Slipped Capital Femoral Epiphysis: Surgical Techniques, Complications, Special Topics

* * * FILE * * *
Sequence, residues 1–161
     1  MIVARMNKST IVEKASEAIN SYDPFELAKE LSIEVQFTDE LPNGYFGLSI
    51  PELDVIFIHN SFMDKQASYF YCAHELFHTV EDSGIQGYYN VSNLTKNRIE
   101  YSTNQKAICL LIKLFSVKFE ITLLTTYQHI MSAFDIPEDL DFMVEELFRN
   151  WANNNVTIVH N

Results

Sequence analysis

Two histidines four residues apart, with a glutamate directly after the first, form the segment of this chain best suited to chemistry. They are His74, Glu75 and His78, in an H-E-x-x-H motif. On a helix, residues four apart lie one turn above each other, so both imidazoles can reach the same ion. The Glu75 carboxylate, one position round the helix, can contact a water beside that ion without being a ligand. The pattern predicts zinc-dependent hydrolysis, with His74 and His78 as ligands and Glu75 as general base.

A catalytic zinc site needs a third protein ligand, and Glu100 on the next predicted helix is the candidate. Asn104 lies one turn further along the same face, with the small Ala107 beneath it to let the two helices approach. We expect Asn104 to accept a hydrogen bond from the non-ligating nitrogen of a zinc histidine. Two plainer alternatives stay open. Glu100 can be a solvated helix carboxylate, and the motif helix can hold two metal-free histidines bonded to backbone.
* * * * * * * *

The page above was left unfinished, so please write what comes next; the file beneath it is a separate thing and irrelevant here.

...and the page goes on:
Several types of implants have been used for the treatment of SCFE. Apart from the non specific implants, such as pins or cannulated screws, other specific implants for SCFE have been manufactured. Most of these specific implants (telescopic screw, pinscrew, Hansson screw etc) efficiently prevent slip progression while preserving bone growth. Thus head and neck growth and remodeling is maintained, resulting in a lower slip angle and increased head neck offset. Femoroacetabular impingement is the most frequent complication of SCFE, that is seen even in mild slips. Its impact on the acetabulum depends on the severity but also on the chronicity of the slip. Avascular necrosis of the femoral head is the most devastating complication of SCFE leading to early total hip replacement. A rare but catastrophic complication is chondrolysis, causing a substantial articular cartilage loss. Other complications are implant related, including implant failure such as bending, migration and loosening. Prophylactic stabilization of the asymptomatic contralateral hip remains controversial. SCFE still remains a disease characterized by a high incidence of delayed diagnosis and many studies have dealt with the incidence of silent, asymptomatic and subclinical SCFE. There is still no consensus about the removal of the implants in the absence of implant-related symptoms. Lately, there is increasing interest on the role of arthroscopically assisted osteochondroplasty for the prevention and early treatment of FAI.
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